Being Neurodiverse Makes You The Punchline

Society's slow evolution to disability and neurodivergent inclusion


TRIGGER WARNING: ableism, reference to derogatory terms used against people with disabilities


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The lack of disability awareness and acceptance of neurodiversity leads to modern entertainment promoting ableism, stigma, and misrepresents the community.


Marginalized groups are notoriously mocked in comedic satire. Often, this is perceived as normal. Society is used to poking fun at minority groups that many are unconscious of their ableist comments. However, there is a fine line between comedy and promoting ableist ideals.


At the same time, harmful ideas about the neurodiverse world are rampant in entertainment. The stigmatized portrayal of autism, post-traumatic stress disorder, and dissociative identity disorder, to name a few, is continual. There is a delayed evolution of change to acceptance of persons with disabilities versus blatant disregard for the call for equality.


It's not funny when no one is laughing


Looking back on the early late 1990s to 2000s comedy in movies is in stark contrast to today. Jokes about race in movies like White Chick's or sexually charged scenes that are disrespectful to women like in Batman Forever are no longer considered societal norms. The evolution of society's comprehension of what is bad behavior is ongoing. Nonetheless, the view of disability and neurodiversity is evolving slowly.


Movies and television still depict a stigmatized version of mental health. For example, The Joker 2019 shows a man with a disregard for human life that takes no accountability for his actions and blames society. The character has suffered physical and emotional abuse throughout his life. Nonetheless, it supports the idea that people with mental health diagnoses are dangerous, uncontrollable, and not responsible for their actions. The idea that he couldn't help it or is crazy is strewn throughout the film. This mainstream media depiction of outdated ideas on neurodiversity is damaging to the community.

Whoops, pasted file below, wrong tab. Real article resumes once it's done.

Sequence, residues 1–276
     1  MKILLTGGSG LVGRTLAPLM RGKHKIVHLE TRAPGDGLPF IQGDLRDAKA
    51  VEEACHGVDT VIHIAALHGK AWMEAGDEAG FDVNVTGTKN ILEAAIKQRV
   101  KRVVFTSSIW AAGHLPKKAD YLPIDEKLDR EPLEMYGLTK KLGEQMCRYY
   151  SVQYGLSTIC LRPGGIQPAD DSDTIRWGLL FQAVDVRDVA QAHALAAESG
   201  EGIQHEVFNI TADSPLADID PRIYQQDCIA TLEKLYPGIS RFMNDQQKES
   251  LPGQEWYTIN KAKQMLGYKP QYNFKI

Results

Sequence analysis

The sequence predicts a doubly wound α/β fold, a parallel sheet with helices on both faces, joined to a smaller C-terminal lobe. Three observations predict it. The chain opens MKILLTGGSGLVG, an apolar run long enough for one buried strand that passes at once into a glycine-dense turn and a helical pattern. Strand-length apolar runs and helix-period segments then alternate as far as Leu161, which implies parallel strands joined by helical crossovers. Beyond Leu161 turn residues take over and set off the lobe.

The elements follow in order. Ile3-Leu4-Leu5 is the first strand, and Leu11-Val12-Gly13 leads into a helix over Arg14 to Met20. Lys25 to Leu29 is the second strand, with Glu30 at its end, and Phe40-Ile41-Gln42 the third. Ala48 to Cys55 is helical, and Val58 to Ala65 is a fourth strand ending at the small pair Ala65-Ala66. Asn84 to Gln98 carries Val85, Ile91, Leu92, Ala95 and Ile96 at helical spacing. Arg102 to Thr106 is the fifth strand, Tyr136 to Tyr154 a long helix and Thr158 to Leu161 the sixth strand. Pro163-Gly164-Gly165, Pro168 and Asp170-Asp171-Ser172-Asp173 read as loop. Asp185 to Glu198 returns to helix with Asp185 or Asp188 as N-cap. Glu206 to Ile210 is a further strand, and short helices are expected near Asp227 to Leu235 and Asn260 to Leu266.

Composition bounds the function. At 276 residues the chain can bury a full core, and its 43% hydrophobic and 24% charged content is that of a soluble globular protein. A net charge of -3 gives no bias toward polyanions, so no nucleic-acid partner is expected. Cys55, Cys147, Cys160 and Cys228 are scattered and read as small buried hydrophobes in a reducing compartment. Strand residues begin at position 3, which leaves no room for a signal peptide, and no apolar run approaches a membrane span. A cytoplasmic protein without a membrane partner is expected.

Words like crazy and re**** are still in film today. For example the Netflix show Daybreak uses the derogatory "R" word towards one of the main characters. It is still viewed as acceptable to use harmful language for the sake of comedic effect in modern entertainment. There is a blatant disregard for the disability communities' innate human right to be seen as equal.


In 2021, the film Music sparked controversy in the autistic community due to the misrepresentation of autism and lack of autistic voices in the movie. This film was made without an autistic presence and was not accepted by the community. Despite the petitions and push back, the film was aired, and nominated for its ableist ideas. An infantile view autism perpetuates the stigma that people on the spectrum are incapable of functioning "normally" in society. Love is not the key to being happy as autistic. Equality and acceptance is the only way.


The odds are not in your favor


According to the U.S Department of Labor in 2020, only 17.9% of persons with disabilities were employed. This number is not due to the pandemic for In 2019 only 19.3% of the disability population were employed.


It is impossible to accurately portray people with disabilities in film when there is no workplace representation.


The National Center for Education Statistics reported that students in 2017–18 that graduated with a high school diploma were 47% for students with multiple disabilities. However, students with only speech or language impairments graduated at 86%.


The same report shows that "the percentage of post-baccalaureate students who reported having a disability (12 percent) was lower than the percentage for undergraduates (19 percent)" (National Center for Education Statistics).


People are graduating high school, a small percentage move into higher education, but they are not being employed.


If the TV says so


It is an endless loop of ignorance and ableist ideas. Entertainment feeds the mind and the concepts are shown to take root. When people watch The Joker they may become wary of hiring a person with a mental health diagnosis like PTSD. When an employer watches Music they picture that character when interviewing an openly Autistic candidate.


What we see influences how we respond to others.


These obstacles can only be overcome by neurodiversity and disability involved in the entertainment industry. The voices of the community you put on screen need representation.


Changing the Punchline


When researching a concept for a film, talk to people. Outdated information is readily available because the medical field is constantly changing. Therefore, the facts are not always as reliable on paper than from the lips of those that live it.


The first step to inclusion and understanding is changing the stats. Hire neurodiverse individuals and learn from them instead of relying on media "facts." Support higher education for persons with disabilities by making it accessible. Accessibility of information through various formats and disability services and inclusion coordinators to ensure the students receive ample opportunity for reasonable accommodations.


Takeaway the power of entertainment to use disability as a punchline by making the reality visible. Disability and neurodiversity do not mean you can't, it means you do it differently. Once the world catches up to the reality of the neurodiverse people thriving and contributing to society, entertainment media will too.

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